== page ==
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France will expel illegal immigrants who commit crime: Macron

llegal immigrants who commit crimes in France will face deportation, President Emmanuel Macron said Sunday, in an interview in which he also confirmed disgraced Hollywood movie mogul Harvey Weinstein will be stripped of the prestigious Legion d'Honneur.

In the wide-ranging interview, only the sixth Macron has given at home or abroad since his election in May, he said that even without new legislation "we can take tougher measures" and expel illegal immigrants if they commit a crime, "whatever it may be".

He was speaking after it emerged that a Tunisian man who stabbed two women to death in the southern city of Marseille on October 1 had been arrested two days earlier for shoplifting in eastern Lyon.

Ahmed Hanachi, a 29-year-old whose papers were not in order, had been allowed to walk free the day before he attacked the women.

Hanachi was known to the police for drug as well as alcohol problems and had a history of petty crime, using seven aliases.

"We are not taking all the steps that should be taken. Well, that's going to change," Macron told three journalists who interviewed him for more than an hour at the Elysee Palace.

- 'Slackers' -

Macron, 39, whose popularity has plunged from 60 percent in June to 44 percent this month, according to polling by Ifop/Fiducial, was peppered at the start of the interview with questions over a series of comments seen as dismissive of ordinary people or critics.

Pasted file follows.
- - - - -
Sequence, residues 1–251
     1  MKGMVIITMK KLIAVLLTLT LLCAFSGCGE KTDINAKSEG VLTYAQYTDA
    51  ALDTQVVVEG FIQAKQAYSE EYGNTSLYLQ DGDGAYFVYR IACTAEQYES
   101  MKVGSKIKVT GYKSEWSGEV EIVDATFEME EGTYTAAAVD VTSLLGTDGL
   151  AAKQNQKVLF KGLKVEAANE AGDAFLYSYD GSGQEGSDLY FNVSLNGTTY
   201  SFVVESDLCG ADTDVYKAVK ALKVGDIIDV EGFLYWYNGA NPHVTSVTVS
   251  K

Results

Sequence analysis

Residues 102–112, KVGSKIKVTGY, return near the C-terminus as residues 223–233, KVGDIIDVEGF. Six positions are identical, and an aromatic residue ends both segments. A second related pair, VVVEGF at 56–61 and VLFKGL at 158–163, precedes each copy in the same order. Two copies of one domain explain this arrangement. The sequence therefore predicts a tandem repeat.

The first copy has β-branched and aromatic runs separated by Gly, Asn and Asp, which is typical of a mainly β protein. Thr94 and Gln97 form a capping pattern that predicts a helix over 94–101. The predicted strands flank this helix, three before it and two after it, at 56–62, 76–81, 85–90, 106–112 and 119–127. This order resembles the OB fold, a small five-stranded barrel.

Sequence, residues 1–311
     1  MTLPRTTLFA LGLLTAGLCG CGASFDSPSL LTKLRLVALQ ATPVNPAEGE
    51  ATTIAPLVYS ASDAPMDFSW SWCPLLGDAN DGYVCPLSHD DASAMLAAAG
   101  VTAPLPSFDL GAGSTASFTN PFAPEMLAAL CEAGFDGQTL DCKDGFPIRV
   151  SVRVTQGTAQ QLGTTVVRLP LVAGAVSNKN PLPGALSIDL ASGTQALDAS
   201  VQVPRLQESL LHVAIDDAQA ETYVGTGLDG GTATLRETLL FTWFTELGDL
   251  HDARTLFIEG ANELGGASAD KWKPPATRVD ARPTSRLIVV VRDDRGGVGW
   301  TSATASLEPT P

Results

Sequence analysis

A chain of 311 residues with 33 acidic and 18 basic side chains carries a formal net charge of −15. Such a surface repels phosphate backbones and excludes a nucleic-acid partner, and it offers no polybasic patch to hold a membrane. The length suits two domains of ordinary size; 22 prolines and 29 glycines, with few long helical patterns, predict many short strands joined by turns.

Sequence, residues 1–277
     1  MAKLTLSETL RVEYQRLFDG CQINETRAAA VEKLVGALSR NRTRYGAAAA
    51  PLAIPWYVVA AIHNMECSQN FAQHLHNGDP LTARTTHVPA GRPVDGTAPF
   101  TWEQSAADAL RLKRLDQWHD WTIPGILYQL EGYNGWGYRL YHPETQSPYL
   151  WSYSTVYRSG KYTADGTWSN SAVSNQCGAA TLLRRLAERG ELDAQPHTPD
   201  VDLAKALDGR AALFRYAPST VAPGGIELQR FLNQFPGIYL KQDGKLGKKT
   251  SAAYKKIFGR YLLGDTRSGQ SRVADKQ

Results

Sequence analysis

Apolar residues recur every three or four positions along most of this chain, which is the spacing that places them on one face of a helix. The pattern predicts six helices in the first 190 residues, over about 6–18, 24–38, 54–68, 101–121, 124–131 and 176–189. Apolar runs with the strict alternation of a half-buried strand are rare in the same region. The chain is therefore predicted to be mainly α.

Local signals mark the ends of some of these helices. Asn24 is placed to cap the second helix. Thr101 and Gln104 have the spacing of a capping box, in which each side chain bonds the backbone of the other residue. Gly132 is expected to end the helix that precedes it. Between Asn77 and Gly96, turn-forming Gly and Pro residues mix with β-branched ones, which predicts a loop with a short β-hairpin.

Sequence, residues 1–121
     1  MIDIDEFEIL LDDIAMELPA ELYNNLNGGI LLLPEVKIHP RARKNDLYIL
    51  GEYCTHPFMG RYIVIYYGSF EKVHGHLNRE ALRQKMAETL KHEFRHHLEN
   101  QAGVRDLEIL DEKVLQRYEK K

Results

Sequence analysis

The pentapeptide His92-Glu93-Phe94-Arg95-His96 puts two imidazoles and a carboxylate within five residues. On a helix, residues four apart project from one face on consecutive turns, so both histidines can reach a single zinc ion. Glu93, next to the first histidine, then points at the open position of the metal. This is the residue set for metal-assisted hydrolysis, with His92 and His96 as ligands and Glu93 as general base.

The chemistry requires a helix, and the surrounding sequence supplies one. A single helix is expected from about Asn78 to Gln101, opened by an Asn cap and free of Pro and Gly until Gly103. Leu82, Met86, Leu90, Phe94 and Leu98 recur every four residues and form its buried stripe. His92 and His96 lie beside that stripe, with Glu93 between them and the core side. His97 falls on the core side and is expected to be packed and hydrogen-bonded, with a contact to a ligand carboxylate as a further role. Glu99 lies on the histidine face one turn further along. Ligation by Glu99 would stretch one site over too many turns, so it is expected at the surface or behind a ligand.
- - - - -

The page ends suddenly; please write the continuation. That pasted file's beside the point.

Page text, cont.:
The centrist president, alternately professorial and combative in the interview, insisted he was taken out of context and did not intend to insult or humiliate anyone by for example calling critics of his ambitious reform agenda "slackers".

He has fast-tracked a major overhaul of France's complex labour code, with critics seizing on his use of executive orders as an example of an autocratic leadership style.

In round two, Macron is planning major tax cuts for the wealthy, forcing him to fend off accusations that he is a "president of the rich".

The former investment banker reiterated that the tax reforms are aimed at making the economy more productive and reining in the budget deficit to within the EU-mandated 3.0 percent of GDP, and pointed to changes that would benefit the middle class and the underprivileged such as a lower social charges and residence taxes.

He said he would pursue his agenda "with the same pace and the same determination" and that the French would start to appreciate the full effects of his reforms in 18 to 24 months.

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